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J Affect Disord. 2013 Oct;151(1):105-10. doi: 10.1016/j.jad.2013.05.059. Epub 2013 Jul 1.

Course sequences in bipolar disorder: depressions preceding or following manias or hypomanias.

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  • 1Lucio Bini Mood Disorder Centers, Rome and Cagliari, Italy.

Abstract

BACKGROUND:

Inferior response to lithium treatment has been reported in bipolar disorder (BD) patients with mania or hypomania following episodes of major depression (DMI) versus preceding depression (MDI), with intervening euthymic periods. However, additional characteristics of BD course-patterns require further assessment.

METHODS:

We reviewed computerized clinical records and life-charts of 855 DSM-IV-TR BD-I or -II patients assessed and followed at mood-disorder centers in Cagliari or Rome to characterize their predominant course-sequences.

RESULTS:

Morbidity over an average of 9.5 cycles in 18 years was characterized for sequencing of illness-episodes and euthymic intervals. Prevalent sequences included: major depression-hypomania (15.0%), mania-major depression (14.6%), major depression-mania (11.6%), and rapid-cycling (9.6%). Among subjects grouped by course-sequences (based on mania, mixed-states, or hypomania and major or minor depression), depression-before-[hypo]mania (DMI) cases were more likely to be women, diagnosed BD-II, have first-episodes of depressive or anxiety disorder, spend more time ill in depression, and benefit less with long-term mood-stabilizing treatments than with the opposite pattern (MDI). MDI patients were more likely to have substance-abuse and receive long-term mood-stabilizer treatments. Meta-analysis of 5 previous reports plus present findings found inferior treatment-response in DMI vs. MDI cases at a pooled risk-difference of 29% [CI: 18-40%] (p<0.0001).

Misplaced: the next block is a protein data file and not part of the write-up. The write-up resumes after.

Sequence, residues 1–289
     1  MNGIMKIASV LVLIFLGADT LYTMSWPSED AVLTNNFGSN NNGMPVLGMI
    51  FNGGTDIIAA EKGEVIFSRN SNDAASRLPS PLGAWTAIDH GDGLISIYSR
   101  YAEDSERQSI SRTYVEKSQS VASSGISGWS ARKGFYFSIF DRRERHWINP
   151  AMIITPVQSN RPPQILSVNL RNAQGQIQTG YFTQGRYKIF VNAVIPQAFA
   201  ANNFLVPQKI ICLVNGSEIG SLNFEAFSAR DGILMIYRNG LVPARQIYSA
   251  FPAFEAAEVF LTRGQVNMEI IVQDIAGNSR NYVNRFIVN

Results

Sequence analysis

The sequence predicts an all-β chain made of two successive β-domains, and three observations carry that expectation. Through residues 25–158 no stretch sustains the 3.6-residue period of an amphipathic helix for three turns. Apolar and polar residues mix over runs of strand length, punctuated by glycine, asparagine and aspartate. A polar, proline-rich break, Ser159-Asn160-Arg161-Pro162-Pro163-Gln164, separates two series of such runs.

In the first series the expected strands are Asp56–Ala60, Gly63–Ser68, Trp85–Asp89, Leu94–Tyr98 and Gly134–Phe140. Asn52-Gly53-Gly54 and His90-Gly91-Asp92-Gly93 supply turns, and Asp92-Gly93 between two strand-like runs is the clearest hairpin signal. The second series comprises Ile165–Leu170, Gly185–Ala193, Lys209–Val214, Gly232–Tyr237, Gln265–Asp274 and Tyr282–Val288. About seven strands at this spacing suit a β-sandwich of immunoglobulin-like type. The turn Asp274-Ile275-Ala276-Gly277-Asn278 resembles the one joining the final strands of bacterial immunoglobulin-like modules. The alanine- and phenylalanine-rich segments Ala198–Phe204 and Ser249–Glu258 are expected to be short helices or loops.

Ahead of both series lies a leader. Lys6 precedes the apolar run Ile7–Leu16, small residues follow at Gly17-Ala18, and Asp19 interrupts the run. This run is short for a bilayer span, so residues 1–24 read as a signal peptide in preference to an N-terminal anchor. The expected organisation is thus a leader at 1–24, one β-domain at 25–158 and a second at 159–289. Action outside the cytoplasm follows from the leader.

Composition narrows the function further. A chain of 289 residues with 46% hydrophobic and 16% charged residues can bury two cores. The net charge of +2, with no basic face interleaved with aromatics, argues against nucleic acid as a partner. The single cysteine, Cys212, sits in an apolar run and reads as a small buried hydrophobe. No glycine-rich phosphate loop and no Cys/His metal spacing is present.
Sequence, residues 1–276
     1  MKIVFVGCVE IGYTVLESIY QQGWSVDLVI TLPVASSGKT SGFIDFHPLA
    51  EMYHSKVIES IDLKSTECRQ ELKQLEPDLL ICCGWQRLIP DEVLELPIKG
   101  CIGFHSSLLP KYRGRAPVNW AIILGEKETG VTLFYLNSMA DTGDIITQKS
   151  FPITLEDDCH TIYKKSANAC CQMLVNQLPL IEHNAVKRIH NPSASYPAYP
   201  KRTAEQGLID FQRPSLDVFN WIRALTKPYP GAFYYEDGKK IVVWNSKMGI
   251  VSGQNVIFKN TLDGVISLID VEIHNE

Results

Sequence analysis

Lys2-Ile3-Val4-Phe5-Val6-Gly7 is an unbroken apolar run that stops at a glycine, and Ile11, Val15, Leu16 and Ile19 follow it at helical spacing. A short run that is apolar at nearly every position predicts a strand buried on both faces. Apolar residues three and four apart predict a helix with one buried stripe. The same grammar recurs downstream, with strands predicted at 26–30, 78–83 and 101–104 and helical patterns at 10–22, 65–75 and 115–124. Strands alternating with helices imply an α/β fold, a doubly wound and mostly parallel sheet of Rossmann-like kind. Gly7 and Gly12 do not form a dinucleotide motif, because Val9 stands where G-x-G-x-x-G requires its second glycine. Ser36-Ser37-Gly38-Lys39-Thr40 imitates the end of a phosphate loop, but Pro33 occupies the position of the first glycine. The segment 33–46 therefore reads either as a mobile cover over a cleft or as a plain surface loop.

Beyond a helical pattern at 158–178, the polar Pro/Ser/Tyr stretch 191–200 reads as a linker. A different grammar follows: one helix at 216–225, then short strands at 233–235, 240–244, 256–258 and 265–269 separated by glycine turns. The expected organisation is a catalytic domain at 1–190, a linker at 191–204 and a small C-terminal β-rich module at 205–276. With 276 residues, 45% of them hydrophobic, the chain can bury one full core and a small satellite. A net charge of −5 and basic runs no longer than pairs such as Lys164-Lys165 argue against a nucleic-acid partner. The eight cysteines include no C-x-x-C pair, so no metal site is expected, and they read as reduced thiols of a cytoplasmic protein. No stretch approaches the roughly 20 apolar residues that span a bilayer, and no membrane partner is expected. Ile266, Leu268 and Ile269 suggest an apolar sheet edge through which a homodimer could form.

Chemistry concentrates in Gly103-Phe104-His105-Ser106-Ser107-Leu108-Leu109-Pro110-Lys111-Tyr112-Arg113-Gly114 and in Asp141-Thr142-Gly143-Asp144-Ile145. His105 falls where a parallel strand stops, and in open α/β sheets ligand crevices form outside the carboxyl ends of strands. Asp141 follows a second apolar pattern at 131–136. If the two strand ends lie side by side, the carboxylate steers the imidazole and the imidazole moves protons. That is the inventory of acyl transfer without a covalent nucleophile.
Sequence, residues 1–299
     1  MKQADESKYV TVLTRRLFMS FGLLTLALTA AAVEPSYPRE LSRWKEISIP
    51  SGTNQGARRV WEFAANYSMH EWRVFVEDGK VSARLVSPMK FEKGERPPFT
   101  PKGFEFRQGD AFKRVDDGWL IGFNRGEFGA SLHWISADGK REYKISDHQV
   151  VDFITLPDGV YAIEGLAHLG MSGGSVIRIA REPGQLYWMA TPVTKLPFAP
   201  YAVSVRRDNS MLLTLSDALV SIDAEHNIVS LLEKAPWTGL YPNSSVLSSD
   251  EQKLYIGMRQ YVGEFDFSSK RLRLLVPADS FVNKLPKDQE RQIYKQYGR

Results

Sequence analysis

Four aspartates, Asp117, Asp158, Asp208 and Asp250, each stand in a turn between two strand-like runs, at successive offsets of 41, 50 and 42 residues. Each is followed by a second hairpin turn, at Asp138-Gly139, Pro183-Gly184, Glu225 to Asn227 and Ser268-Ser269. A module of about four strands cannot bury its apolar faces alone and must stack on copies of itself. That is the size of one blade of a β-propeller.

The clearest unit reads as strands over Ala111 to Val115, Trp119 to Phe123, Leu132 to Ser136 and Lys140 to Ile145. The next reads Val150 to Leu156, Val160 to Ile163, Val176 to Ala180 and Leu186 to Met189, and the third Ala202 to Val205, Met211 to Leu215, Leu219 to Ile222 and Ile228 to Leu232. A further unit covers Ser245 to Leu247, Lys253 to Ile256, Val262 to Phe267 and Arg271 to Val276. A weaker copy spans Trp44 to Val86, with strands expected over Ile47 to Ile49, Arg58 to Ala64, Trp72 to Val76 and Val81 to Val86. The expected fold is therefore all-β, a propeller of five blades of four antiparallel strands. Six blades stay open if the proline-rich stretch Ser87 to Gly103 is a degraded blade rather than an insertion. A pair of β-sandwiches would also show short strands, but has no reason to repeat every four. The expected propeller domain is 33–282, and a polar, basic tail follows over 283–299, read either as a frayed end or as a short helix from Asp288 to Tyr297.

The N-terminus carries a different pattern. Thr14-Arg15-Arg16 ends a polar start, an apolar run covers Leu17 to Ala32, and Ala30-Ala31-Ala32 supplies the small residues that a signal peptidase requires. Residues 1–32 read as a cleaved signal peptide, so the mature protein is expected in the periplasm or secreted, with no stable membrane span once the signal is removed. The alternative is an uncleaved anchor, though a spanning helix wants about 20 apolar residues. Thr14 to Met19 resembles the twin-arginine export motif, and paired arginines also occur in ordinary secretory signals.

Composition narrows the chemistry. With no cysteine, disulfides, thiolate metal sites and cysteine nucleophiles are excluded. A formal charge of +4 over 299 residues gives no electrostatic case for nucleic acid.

LIMITATIONS:

Some data were retrospective and subject to recall bias, and treatment was clinical (non-randomized).

CONCLUSIONS:

The DMI course was strongly associated with first-episode depression or anxiety, excess depressive morbidity, and inferior treatment response, especially for depression.

© 2013 Elsevier B.V. All rights reserved.

KEYWORDS:

Bipolar disorder; Course sequence; Depression; Mania

[PubMed - indexed for MEDLINE]
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